I love Apple’s approach to creating new products: do a few things very well and only bring them to market when they are ready and when they believe that product will best improve people’s lives. That seems like essentialism to me.

Prescription #3 – try saying no to something every day.

Busyness does not mean people will love you more

As I read through these articles and thought about my own experience of being busy, I realized that at the heart is a desire to feel loved, or at least accepted or appreciated. Love is a fundamental human need that drives our activities. As we learn what is most essential in life, as we relearn simple activities like handwriting, and as we resist the urge to agree to every opportunity that presents itself, we discover that we are still loved and appreciated.

Here’s a simple yet ancient practice to test this final theory: pause for a few moments to think of one situation recently where you felt loved and appreciated. When you have it, say a silent “thank you.” Simply be grateful. I think you will find that the pressures of busyness will fade, you will feel more loved and accepted, and you will have an increased capacity to give yourself to what matters most.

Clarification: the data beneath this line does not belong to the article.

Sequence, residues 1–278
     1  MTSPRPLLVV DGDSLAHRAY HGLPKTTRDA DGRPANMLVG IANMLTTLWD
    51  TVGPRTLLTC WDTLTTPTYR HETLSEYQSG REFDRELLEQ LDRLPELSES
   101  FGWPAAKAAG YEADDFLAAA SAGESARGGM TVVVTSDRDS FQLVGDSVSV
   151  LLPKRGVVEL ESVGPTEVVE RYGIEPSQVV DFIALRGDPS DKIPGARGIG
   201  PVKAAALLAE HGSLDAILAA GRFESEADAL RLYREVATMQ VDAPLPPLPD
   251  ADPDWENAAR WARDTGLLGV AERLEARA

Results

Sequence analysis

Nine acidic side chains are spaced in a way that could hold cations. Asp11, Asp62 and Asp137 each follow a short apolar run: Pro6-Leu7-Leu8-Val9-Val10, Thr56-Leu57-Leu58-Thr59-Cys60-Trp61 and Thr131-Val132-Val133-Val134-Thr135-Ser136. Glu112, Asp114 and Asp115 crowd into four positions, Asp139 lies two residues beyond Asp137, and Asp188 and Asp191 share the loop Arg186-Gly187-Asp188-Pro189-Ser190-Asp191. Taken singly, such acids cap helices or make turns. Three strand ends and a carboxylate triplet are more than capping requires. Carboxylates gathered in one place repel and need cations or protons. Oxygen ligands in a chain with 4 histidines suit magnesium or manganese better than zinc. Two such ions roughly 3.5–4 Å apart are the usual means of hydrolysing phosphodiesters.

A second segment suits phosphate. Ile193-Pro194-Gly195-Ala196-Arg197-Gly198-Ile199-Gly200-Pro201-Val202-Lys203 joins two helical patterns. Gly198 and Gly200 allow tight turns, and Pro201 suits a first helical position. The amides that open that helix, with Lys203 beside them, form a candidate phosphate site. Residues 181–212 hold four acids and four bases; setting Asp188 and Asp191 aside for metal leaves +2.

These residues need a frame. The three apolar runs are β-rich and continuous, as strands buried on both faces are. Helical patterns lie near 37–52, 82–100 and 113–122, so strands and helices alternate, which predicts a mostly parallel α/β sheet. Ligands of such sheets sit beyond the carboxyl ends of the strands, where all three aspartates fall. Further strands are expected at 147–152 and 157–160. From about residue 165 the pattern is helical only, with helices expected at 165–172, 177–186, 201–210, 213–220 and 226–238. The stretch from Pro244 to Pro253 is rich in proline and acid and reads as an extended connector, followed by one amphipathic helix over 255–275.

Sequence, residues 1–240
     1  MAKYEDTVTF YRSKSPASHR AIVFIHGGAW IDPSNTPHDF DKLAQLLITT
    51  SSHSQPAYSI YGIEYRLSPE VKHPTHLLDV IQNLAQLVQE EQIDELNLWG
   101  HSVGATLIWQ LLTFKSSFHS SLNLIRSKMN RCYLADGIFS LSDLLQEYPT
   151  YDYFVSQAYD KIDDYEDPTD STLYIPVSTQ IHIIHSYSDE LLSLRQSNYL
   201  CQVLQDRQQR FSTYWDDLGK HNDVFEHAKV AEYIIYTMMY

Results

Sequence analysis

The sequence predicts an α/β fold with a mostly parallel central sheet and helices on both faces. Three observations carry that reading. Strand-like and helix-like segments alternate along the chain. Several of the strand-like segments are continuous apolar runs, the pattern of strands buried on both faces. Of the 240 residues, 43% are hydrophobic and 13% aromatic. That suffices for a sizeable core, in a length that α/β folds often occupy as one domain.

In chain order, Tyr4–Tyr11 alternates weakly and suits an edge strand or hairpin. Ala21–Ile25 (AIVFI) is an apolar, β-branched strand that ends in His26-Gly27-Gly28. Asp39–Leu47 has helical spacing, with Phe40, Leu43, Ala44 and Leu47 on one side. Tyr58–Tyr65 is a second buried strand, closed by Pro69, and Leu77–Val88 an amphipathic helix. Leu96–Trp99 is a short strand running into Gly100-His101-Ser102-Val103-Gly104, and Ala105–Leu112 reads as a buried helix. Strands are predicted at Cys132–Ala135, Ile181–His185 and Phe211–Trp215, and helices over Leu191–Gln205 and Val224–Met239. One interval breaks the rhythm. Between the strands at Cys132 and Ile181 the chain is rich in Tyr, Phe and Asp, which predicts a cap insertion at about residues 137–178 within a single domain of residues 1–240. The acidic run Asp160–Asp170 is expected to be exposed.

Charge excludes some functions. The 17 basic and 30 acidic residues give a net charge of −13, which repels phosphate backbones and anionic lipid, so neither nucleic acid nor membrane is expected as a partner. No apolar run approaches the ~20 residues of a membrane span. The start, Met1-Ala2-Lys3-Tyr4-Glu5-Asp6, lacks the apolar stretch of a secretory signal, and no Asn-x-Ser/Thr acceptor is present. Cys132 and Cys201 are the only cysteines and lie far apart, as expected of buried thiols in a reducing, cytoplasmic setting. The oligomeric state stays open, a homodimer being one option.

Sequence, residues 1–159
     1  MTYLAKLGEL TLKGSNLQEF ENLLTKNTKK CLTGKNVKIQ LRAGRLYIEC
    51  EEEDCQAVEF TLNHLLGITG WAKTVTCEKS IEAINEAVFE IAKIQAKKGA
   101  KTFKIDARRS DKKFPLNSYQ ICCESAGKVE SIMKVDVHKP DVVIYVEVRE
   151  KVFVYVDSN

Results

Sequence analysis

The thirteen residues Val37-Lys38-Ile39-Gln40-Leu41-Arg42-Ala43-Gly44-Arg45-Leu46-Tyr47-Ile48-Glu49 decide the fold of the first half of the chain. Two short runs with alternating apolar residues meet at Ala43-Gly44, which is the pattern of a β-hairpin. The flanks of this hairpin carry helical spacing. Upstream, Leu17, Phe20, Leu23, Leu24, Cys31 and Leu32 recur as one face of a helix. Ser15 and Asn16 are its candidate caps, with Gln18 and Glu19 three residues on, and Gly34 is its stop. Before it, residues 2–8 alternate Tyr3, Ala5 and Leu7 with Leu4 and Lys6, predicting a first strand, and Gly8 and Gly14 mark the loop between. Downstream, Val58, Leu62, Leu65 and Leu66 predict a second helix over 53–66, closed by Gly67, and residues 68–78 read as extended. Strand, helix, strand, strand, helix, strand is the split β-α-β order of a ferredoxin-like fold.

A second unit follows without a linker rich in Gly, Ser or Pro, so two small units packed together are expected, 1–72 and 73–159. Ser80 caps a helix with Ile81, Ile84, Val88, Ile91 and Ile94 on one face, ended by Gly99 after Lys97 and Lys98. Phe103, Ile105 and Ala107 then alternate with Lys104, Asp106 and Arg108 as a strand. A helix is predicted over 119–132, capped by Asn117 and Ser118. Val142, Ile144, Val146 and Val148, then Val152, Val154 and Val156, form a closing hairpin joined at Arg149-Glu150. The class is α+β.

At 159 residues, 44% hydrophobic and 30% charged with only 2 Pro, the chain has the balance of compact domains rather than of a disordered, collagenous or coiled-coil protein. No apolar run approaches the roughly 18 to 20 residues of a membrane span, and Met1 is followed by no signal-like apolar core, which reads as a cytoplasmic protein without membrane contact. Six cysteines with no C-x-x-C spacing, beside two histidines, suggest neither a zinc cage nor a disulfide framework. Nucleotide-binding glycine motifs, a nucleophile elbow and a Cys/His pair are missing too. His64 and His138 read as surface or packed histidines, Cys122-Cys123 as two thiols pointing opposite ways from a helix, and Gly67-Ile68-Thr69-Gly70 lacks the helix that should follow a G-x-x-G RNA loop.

Prescription #4 – find at least one act of love (received or given) to be grateful for every day.

These are just a few thoughts that have helped me – not an exhaustive list, but hey, I can say no to needing to be exhaustive!


Why We Humblebrag About Being Busy – Greg McKeown

12 Myths that Lead to a Busy, Unfulfilling Life – Greg McKeown

Why being too busy makes us feel so good – Brigid Schulte